GUARANTEED they will if theres a fire. you having been the last to work on the wiring will be on the hook. are you insured? liability if theres a fire? are you a registered electrician?
besides TODAY most insurance companies wouldnt take on new customers with K&T
<% if( /^image/.test(type) ){ %>
<% } %>
<%-name%>
Mudslides, hurricanes, and such will make a big comeback.
--
Christopher A. Young
<% if( /^image/.test(type) ){ %>
<% } %>
<%-name%>

When I changed insurance companies, the questionnaire asked if the house had K&T wiring. I have no idea what they do with the information if they get a yes. They also asked about swimming pools, fences, roof, etc.
<% if( /^image/.test(type) ){ %>
<% } %>
<%-name%>

The key, IMO, it that you get your insurance from an independent agent rather than applying directly to a company.
The agent will spread his clients around several companies and, thus, spread the risk. An insurance company may be willing to have a few K&T homes on its rolls but it doesn't want to ensure every house in some antique town.
Our agent never asked about wiring. The insurance company is licensed to do business in the state (VA) and, thus, we can rely upon getting paid if the house burns down. We don't worry and the insurance company doesn't have excessive risk in one town.
The only difficulty we had with the insurace was because we got a LOT of house for not much money (repro.) The carrier sent someone by to see with his own eyes that the house was as big as we claimed. Our insurance will pay "replacement" value so they don't want to be set up.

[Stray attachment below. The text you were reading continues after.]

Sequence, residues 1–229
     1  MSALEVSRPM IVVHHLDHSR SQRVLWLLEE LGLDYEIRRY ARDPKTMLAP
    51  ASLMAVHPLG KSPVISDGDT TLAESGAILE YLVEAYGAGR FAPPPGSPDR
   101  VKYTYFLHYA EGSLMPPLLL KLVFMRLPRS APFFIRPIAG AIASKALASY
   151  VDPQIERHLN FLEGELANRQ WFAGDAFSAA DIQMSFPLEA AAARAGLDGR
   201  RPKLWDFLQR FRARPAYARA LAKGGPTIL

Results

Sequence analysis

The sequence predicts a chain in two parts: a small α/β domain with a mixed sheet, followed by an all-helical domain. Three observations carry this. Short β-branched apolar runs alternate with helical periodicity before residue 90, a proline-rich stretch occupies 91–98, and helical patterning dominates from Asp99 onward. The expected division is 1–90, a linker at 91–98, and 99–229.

When a company sells a policy through an agent, it is in part using the agent to screen clients. When they sell direct they don't get that protection and they may not be willing to write on any but plain vanilla type properties in sub-divisions.
<% if( /^image/.test(type) ){ %>
<% } %>
<%-name%>
John Gilmer wrote:

My agent is a one company man. And he represents that company 100%. So that blows that theory out i guess.
s
<% if( /^image/.test(type) ){ %>
<% } %>
<%-name%>
On Sep 13, 1:42�pm, snipped-for-privacy@snyder.on.ca wrote:

add detroit to the low priced homes are the median price of all homes sold in detroit now down to about \$12,500... down from 90 grand a few years ago.
If you have a worthless home then why buy insurance? but to get a LOAN you MUST HAVE INSURANCE.
and in any case once the OP mucks with the wiring, espically if he isnt a registered electrician he is on the hook if theres a fire., let alone the horror of possibly causing someones death, espically a child!
<% if( /^image/.test(type) ){ %>
<% } %>
<%-name%>

does the OP description sound SAFE???
paste from his first post:(
Have a client with a house built in the '20s, originally knob and tube wired but (partly) converted to more modren wiring methods. Basement ceiling is exposed and where the majority of the house wiring is. Lots of strange, non-standard and some clearly improper wiring exists there: "flying" splices between K&T wiring and NM or armored cable (no junction box), and one place where someone just ran a single insulated wire (THHN or whatever) as a neutral from one place to another. Plus exposed K&T runs going everywhere, one right next to the hot-water shutoff valve.